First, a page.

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The case for Howie Kendrick as the MVP of the Nationals playoff run

Howie Kendrick in the NLCS between the St Louis Cardinals and Washington Nationals. Photo by Patrick Smith/Getty Images

The Washington Nationals are one win away from advancing to the World Series for the first time in franchise history. There’s an excellent argument for why their starting rotation is the biggest reason for that, but as we saw in the first two games of the series, good pitching doesn’t win baseball games all on its own.

Miles Mikolas and Adam Wainright both pitched quite well for the Cardinals in Games 1 and 2, with Mikolas allowing just one earned run and Wainright allowing three (because he was, arguably, left in the game an inning/batter too long). The problem is that, after their blowout Game 5 to take the division series, the Cardinals couldn’t put together a run if it came with step-by-step video instructions.

In the first game, they were 0-for-3 with runners in scoring position, leaving four on. This was, in part, due to the fact they only managed one hit in the entire game. They fared roughly the same in the next two games, despite scoring the only two runs of the series (just don’t look at the pitching in that one).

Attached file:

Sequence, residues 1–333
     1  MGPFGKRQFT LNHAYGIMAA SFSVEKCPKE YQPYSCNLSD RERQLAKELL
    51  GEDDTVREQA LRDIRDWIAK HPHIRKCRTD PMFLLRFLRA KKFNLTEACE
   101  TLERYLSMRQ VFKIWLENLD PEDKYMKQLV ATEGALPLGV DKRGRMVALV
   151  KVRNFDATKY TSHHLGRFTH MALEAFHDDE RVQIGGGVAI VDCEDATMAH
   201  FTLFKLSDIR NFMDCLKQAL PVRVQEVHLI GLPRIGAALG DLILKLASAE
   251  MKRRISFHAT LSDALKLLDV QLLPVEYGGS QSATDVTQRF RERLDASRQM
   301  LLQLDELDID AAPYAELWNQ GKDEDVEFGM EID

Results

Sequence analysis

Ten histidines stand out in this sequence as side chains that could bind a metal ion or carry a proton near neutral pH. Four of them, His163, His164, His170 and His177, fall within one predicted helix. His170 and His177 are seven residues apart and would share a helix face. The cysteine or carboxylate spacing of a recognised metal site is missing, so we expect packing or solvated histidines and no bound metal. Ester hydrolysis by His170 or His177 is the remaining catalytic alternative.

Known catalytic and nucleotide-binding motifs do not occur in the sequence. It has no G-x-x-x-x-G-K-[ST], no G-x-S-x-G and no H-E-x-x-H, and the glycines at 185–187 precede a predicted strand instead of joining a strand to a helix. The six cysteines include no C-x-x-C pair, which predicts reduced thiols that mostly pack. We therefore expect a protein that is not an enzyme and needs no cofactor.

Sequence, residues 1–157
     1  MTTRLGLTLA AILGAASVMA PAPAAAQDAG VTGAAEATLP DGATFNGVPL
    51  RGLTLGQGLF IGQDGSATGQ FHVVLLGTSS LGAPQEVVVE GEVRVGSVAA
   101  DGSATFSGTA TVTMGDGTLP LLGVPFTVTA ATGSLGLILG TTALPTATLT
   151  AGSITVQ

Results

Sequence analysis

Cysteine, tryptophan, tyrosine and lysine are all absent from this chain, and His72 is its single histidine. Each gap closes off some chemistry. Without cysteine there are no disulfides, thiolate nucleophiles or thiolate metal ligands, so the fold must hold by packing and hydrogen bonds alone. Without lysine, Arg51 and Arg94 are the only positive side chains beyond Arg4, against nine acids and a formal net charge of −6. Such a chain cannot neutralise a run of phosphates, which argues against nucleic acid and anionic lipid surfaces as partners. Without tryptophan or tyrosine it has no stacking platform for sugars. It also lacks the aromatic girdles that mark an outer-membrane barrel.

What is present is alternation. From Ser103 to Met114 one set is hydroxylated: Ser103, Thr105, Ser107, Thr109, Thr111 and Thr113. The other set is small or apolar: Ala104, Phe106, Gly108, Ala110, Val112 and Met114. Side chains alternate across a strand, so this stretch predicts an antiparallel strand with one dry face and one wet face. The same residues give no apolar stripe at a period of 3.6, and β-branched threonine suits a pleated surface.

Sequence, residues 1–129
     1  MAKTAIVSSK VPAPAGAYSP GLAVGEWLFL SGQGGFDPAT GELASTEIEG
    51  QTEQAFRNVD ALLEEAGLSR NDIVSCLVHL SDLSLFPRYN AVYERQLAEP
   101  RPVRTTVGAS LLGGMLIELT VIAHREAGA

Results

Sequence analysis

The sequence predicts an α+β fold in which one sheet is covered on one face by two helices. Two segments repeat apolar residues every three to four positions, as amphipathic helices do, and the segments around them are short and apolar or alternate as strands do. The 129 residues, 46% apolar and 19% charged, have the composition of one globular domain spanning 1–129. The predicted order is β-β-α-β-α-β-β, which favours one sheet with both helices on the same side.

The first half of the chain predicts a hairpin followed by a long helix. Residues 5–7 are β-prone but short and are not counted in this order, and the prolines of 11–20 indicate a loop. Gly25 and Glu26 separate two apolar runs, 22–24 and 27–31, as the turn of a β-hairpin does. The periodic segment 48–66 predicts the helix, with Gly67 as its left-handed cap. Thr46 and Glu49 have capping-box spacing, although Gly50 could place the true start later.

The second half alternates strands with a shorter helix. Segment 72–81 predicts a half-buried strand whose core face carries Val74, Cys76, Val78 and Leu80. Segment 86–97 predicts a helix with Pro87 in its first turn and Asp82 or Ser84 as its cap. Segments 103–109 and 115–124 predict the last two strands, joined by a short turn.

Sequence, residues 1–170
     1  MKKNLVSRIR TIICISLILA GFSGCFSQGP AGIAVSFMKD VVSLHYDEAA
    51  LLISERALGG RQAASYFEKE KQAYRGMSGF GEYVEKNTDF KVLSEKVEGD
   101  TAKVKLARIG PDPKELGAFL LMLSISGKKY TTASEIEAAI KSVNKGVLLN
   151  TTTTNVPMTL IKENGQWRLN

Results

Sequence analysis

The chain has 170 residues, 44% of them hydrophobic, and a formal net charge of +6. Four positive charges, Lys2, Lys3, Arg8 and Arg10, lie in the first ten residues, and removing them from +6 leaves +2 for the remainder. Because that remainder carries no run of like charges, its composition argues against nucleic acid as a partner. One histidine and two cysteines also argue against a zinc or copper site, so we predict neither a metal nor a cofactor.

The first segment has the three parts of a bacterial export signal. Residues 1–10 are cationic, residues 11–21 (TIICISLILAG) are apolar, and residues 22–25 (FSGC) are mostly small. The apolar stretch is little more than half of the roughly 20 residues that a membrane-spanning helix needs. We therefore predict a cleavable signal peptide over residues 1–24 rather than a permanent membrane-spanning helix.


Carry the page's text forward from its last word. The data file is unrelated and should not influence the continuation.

It’s not news to say timely hitting wins baseball games. And the Nationals have capitalized on more of their opportunities. Which leads me to believe that, despite the impressive arms in their rotation, it should be an offensive player who gets the NLCS MVP honor.

I think no one has a better case than Howie Kendrick.

Kendrick is 5-for-12 with only three strike outs, a walk, three runs, and four RBI. He’s reached base in almost half of his plate appearances, and he’s either scored or knocked in seven of the team’s 13 runs in the series. Basically, he’s hot, and at the best possible time.

And while his continued postseason success may make some scratch their heads, it’s not actually all that surprising if you look at his 2019 numbers on the whole. In a lot of ways, he is having a career year. In his 16th season. At age 35. As if you needed another reason to root for the Nationals.

That isn’t even including his heroics in the first round. Obviously the division series doesn’t have an MVP, but if it did, Kendrick would be in the MVP Hall of Fame for his grand slam in the top of the 10th inning of the deciding game. He didn’t single-handedly send the team to the championship series, but he did end the Dodgers’ season with one swing of his bat. Which, in my opinion as a Giants fan, qualifies him for National League MVP, but there’s a good reason why they don’t let me make the rules.

So, for all of his contributions over the last three games, and in gratitude for the game before that, I think if the Nationals end up winning the series, the MVP has to go to Kendrick. Which is not a sentence I would have expected to be writing in the year 2019, but it is exactly why I love baseball.